Unidos por Puerto Rico

Vivian Milan
Written by Vivian Milan

The hurricanes’ effect on St. Joe’s students

Rodrigo Corral ’18, lost contact with his family at 8 a.m. on Sept. 20 when the eye of Hurricane Maria closed in on San Juan, Puerto Rico.

“I lost complete contact for about two or three days,” Corral said. “I still have friends who have no communication with their loved ones.”

Hurricane Irma hit Puerto Rico on Sept. 6, followed by Hurricane Maria, a Category 5 storm with winds reaching over 100 miles per hour. This left the entire island without electricity, or clean water and with only limited transportation out of the country.

Corral, who was born and raised south of San Juan in Guaynabo, Puerto Rico, felt frustration and helplessness while his family was in Puerto Rico experiencing the hurricanes and he was on campus at Saint Joseph’s University. Currently, there are 55 active undergraduate students at St. Joe’s from Puerto Rico.

Corral said that he, along with other Puerto Rican students on campus, felt they were more informed of what was going on in Puerto Rico than those living through it.

“What made it even worse was that my parents, once they lost communication, didn’t know what was going on around them, but we did,” Corral said. “We knew everything that was going on on the island and they didn’t know anything.”

Camila Acosta ’20 shared similar sentiments with Corral, believing that people in the United States were more aware of what was going on in Puerto Rico.

“It was definitely frustrating,” Acosta said. “We just had to wait because we could see pictures on the internet and everything, but we couldn’t talk to our parents to see how they were feeling or what they were going through.”

Cristina Bonnin ’18, was unable to communicate with her family for five days after Hurricane Maria. Her family had to drive over an hour from their home in Ponce, which is on the southern part of the island, to San Juan just to be able to contact her.

“It [was] just hard, not knowing if they were okay or not,” Bonnin said.

Acosta felt that the hurricanes provided her with a newfound appreciation of talking to her parents.

“You don’t even treasure a phone call with your parents until you don’t have it,” Acosta said. “You see all these other people and they just lost everything. And you’re still here, and even though you’re suffering because you feel for your country, you still have all of this and then there’s people who have nothing as of now.”

The First Lady of Puerto Rico, Beatriz Rosselló, created an organization entitled “Unidos por Puerto Rico,” or United for Puerto Rico, to help aid relief in the country.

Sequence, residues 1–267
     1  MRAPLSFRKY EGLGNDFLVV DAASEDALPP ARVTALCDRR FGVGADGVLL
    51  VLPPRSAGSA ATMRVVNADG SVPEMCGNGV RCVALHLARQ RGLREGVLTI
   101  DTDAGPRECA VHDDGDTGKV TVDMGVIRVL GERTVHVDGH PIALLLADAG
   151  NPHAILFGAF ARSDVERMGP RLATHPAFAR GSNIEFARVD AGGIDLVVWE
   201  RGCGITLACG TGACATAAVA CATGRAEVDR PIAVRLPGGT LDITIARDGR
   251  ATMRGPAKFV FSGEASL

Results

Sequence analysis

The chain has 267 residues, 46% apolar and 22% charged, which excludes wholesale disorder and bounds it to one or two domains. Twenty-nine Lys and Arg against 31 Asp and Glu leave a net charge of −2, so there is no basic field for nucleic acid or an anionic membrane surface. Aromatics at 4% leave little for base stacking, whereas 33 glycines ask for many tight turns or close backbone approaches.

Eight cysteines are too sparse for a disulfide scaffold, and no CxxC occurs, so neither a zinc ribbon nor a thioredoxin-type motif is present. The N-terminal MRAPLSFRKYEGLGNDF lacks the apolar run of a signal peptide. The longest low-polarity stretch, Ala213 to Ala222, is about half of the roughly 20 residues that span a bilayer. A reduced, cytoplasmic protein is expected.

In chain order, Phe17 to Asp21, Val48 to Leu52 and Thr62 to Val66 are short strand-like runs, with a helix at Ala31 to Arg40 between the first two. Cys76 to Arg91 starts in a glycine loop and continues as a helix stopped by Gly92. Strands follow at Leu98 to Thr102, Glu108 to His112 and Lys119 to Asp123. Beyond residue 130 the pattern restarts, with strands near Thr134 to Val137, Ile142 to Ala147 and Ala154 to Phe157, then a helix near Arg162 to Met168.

Students for Puerto Rico, a GoFundMe campaign organized by University of Pennsylvania students, was created for students who are from Puerto Rico, but go to school in the United States. The proceeds will be donated towards the United for Puerto Rico organization. The campaign has recently received a lot of attention after late night host, Jimmy Fallon, donated $20,000 to help the campaign meet its $100,000 goal.

“We have all come together, about 80 universities in this organization,” Acosta said. “We basically canalized all the funding through one organization and that way we don’t have a lot of different GoFundMe’s all over the states.”

As of now, Corral, Acosta and Bonnin are unsure if they will be able to travel back to Puerto Rico for winter break.

“I always go [home] during winter break, but since the airport’s not really working, there’s no electricity on the entire island, I really have no idea when I’m going to be able to fly back,” Bonnin said.

Corral’s parents had the opportunity to get on a flight from Puerto Rico to the United States and are currently in New York.

“I did not know my parents were coming to NYC until they called me from New York,” Corral said. “When my mom got here to New York, that’s when she found out what was going on. It’s a humanitarian crisis right now.”

Acosta said that she would want to go to Puerto Rico to see her family, but she is not prepared to see the current state of the island.

“I don’t think I’m ready to see what there is over there,” Acosta said. “My mom says you can’t even recognize streets. People say it looks like an apocalypse.”

About the author

Vivian Milan

Vivian Milan

Vivian Milan, ’18, Editor in Chief

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